In January 2017, India completed five years of being polio-free. A highly infectious viral disease that leads to irreversible paralysis, polio (or poliomyelitis) once used to cripple more than 50,000 children in the country every year. Thanks to decades of intervention by the Indian government and civil society, it was finally eradicated in 2011.
However, few know that the foundation for this remarkable achievement was laid by a gritty and determined woman who envisioned a polio-free India over seven decades ago. That pioneering lady was Padma Shri Fathema Ismail.
Born on February 4, 1903, Fathema was the sister of ardent Gandhi supporter and Bombay’s cotton king, Umar Sobhani. Given her brother’s proximity to the leaders of the Indian freedom struggle, she was drawn to issues of social justice and emancipation from a very young age.
Passionate about women’s education, Fathema worked as a teacher at an Industrial Training Centre for women after her marriage to Mohammad Hasham Ismail (a government trade commissioner). She served as the secretary of the Shimla branch of the All India Women’s Conference in 1936 and was a founder member of All India Village Industries Association.
Fathema was also actively involved in the nationalist movements taking place in India. Her house on Nepean Sea Road in Bombay (now Mumbai) was a meeting ground for the members of the Indian National Congress and a safe haven for underground freedom fighters. Jayprakash Narayan, Aruna Asaf Ali and other young leaders often hid at her residence (under assumed names) to avoid getting arrested by the police!
Fathema’s life, however, took a different turn in 1945 when her three-year-old daughter Usha was diagnosed with poliomyelitis. She was deeply dejected on realising that there was very little that could be done. Yet at the same time, she was determined to get her daughter the best medical attention available in the country.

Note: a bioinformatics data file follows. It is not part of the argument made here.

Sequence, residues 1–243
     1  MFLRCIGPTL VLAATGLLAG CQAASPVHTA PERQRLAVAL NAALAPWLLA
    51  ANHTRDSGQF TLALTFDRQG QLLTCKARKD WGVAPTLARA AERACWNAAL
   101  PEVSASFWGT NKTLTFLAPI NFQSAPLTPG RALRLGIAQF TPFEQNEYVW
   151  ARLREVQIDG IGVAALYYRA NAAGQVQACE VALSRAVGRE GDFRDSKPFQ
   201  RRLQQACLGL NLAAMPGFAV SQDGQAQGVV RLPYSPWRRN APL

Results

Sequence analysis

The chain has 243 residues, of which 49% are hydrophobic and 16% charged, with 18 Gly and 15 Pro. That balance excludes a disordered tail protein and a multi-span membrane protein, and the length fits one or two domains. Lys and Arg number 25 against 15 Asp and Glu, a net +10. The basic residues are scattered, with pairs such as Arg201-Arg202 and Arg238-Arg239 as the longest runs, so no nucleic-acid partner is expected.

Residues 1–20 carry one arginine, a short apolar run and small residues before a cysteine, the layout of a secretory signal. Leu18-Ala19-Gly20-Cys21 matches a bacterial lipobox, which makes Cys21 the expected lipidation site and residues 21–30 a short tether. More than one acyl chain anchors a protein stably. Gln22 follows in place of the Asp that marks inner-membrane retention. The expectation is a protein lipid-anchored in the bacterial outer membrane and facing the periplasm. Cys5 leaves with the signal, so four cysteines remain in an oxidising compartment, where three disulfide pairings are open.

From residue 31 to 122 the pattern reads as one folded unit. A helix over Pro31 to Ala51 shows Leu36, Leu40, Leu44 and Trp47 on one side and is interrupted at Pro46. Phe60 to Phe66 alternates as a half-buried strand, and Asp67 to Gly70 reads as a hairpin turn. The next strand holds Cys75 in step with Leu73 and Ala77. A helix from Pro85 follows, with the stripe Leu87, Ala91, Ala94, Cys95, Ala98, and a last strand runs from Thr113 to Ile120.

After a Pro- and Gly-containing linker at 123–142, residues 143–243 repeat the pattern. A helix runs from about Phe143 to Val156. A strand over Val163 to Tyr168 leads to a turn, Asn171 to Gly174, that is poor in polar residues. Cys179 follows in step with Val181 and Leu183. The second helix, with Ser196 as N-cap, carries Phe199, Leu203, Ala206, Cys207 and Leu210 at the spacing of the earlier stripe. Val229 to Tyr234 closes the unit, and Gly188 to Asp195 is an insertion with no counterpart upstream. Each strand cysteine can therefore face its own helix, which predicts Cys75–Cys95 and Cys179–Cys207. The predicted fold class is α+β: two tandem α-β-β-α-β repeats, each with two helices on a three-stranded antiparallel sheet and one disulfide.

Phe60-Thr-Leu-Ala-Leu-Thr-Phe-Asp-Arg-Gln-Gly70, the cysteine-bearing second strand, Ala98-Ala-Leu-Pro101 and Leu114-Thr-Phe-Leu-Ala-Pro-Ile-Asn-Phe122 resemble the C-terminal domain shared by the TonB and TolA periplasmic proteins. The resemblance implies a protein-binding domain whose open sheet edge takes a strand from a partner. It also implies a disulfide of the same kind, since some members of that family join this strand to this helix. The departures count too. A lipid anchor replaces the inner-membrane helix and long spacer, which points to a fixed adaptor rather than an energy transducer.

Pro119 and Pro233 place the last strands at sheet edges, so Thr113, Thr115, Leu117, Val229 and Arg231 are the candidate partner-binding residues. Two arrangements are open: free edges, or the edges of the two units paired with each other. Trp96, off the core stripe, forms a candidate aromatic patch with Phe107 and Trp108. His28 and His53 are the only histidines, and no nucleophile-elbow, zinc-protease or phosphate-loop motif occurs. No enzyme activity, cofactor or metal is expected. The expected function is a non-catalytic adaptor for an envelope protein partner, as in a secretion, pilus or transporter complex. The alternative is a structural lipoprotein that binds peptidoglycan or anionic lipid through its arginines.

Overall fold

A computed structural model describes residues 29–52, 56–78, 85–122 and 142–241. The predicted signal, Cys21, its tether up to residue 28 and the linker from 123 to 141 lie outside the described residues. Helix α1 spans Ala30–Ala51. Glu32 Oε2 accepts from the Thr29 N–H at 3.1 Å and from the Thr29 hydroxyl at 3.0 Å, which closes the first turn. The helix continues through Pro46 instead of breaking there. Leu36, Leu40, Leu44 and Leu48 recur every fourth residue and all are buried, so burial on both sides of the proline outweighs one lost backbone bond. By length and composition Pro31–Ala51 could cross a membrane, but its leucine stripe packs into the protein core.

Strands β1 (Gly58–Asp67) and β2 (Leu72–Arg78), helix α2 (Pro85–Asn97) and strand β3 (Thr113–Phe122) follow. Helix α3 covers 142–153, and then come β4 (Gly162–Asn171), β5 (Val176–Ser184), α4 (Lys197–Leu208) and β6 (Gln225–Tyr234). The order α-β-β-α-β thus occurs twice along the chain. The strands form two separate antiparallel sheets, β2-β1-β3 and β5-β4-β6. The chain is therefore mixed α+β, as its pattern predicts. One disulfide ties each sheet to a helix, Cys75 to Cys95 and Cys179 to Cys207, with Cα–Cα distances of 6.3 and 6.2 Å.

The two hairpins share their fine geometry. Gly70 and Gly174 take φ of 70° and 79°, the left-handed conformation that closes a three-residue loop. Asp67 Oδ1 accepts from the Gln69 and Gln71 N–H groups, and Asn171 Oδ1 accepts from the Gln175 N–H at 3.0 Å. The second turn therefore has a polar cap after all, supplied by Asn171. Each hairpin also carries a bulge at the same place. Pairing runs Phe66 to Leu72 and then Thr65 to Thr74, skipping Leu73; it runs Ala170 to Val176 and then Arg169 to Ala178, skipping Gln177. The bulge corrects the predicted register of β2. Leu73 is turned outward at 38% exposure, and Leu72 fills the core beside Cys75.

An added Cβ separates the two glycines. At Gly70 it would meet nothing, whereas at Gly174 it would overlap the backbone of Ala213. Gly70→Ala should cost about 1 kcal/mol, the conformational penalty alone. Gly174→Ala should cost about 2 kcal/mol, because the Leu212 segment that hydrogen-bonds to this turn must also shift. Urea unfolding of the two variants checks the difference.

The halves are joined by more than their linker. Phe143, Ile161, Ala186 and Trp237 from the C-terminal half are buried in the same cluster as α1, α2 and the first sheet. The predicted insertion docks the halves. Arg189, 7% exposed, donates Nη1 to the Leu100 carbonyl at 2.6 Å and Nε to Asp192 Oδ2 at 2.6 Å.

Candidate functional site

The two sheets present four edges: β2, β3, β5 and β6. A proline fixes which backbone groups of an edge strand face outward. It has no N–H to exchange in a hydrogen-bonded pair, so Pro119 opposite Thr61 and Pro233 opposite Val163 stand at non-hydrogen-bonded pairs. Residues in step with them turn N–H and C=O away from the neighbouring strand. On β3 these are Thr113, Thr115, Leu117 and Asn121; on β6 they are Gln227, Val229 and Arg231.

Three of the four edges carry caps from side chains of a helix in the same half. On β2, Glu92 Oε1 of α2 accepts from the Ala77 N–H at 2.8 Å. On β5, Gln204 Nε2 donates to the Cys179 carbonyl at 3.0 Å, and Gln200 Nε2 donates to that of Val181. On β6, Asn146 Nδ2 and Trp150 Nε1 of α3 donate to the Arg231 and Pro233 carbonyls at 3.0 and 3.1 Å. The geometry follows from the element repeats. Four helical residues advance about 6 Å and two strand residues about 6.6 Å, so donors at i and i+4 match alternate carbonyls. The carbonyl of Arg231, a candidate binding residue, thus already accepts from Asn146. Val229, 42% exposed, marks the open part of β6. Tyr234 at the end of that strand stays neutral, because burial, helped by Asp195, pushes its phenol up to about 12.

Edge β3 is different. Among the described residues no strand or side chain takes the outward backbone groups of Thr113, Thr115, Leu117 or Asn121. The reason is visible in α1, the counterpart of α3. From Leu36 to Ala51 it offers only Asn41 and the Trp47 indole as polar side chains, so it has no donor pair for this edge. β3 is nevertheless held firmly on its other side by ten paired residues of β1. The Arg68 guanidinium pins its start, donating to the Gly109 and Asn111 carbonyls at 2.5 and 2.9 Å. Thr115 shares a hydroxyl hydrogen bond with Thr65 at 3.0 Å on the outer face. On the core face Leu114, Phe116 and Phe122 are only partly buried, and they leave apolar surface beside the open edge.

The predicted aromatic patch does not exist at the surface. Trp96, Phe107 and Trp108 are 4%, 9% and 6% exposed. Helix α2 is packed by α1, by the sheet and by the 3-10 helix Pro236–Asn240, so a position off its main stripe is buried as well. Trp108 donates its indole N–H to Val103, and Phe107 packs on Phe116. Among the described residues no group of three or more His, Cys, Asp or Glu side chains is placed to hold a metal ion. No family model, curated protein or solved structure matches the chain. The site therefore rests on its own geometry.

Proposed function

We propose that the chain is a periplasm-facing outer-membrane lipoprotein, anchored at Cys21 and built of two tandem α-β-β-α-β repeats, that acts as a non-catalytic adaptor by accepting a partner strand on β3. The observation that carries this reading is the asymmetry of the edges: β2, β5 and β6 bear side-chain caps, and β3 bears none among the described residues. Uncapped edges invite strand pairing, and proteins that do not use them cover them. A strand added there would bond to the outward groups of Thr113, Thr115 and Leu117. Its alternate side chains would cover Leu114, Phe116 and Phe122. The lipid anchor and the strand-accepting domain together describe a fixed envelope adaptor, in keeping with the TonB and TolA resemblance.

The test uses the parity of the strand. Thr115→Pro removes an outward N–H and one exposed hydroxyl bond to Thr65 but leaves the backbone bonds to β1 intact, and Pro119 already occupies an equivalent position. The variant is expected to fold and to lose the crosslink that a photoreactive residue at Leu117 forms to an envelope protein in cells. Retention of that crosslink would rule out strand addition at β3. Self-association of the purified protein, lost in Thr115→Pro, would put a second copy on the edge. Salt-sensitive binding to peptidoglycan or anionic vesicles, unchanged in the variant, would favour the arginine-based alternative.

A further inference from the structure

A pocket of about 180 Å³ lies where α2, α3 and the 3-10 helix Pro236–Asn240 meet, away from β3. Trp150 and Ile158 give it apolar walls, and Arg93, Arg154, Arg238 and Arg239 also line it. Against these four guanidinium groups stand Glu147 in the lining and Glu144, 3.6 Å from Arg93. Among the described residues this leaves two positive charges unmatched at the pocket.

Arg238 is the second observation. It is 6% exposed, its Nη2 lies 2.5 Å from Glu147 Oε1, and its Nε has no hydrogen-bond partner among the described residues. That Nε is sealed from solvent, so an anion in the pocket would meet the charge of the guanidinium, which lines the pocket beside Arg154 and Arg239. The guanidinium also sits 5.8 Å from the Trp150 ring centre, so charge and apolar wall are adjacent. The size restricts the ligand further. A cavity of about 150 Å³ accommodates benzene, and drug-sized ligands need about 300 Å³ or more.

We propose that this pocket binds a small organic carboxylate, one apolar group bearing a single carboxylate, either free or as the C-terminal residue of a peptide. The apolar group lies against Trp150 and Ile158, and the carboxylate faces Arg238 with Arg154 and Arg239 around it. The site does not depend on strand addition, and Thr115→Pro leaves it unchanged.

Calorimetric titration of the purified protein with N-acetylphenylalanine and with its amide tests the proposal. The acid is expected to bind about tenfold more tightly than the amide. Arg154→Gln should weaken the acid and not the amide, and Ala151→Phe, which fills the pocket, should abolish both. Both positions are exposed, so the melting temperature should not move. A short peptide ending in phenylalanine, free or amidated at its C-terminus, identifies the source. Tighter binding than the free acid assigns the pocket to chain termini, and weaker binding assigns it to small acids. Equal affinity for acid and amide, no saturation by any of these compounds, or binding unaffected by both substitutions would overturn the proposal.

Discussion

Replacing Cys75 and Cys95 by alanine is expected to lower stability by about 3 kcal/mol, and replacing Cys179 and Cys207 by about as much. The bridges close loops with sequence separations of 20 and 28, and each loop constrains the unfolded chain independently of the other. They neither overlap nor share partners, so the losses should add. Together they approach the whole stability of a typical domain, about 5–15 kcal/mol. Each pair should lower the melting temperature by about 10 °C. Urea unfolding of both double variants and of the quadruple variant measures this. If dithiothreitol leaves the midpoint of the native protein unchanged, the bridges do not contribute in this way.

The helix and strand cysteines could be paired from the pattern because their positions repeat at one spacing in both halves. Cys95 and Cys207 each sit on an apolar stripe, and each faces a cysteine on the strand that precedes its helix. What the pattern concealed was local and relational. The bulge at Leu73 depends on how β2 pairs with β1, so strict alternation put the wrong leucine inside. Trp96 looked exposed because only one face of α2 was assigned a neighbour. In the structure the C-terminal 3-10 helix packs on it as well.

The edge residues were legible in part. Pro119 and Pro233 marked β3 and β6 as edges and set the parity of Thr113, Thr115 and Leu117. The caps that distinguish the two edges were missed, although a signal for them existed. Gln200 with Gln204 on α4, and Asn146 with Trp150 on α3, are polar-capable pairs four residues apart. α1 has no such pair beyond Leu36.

Driven by this thought, Fathema travelled the length and breadth of India to ensure proper medical treatment for her daughter. She was disturbed to see the lack of facilities for polio-stricken children. This, combined with the lackadaisical attitude of the country’s medical community, convinced her to do something to change the lives of polio patients for the better.
When her husband was transferred to Iran from his posting in Mombasa, Fathema decided to stay back in India. She had heard about a renowned orthopaedic surgeon based in Madras (now Chennai), Dr MG Kini, who could treat her daughter and decided to visit him.
A grumpy old man, Dr Kini declined to accept Usha’s case at first. Nonetheless, his resistance was worn down by the tenacious Fathema who literally sat outside his house every day (accosting him as he travelled between his house and clinic) till he agreed. For the next eight months, she stayed in Madras as her daughter underwent treatment under the supervision of Dr Kini.
Fathema’s next stop after Madras was Pune (where she had learnt there were physiotherapy facilities that could help her daughter’s treatment). These facilities were used by the British physiotherapists and their Indian assistants to treat and rehabilitate injured soldiers. The determined mother requested and petitioned the reluctant authorities till they agreed to give Usha access to the physiotherapy treatment.
Fathema herself spent time observing and learning the methods employed at the rehabilitation centre. What helped her in this effort was the three years (1920-23) she had spent studying medicine in Vienna (due to a financial crisis, she had to return before she could her complete her course).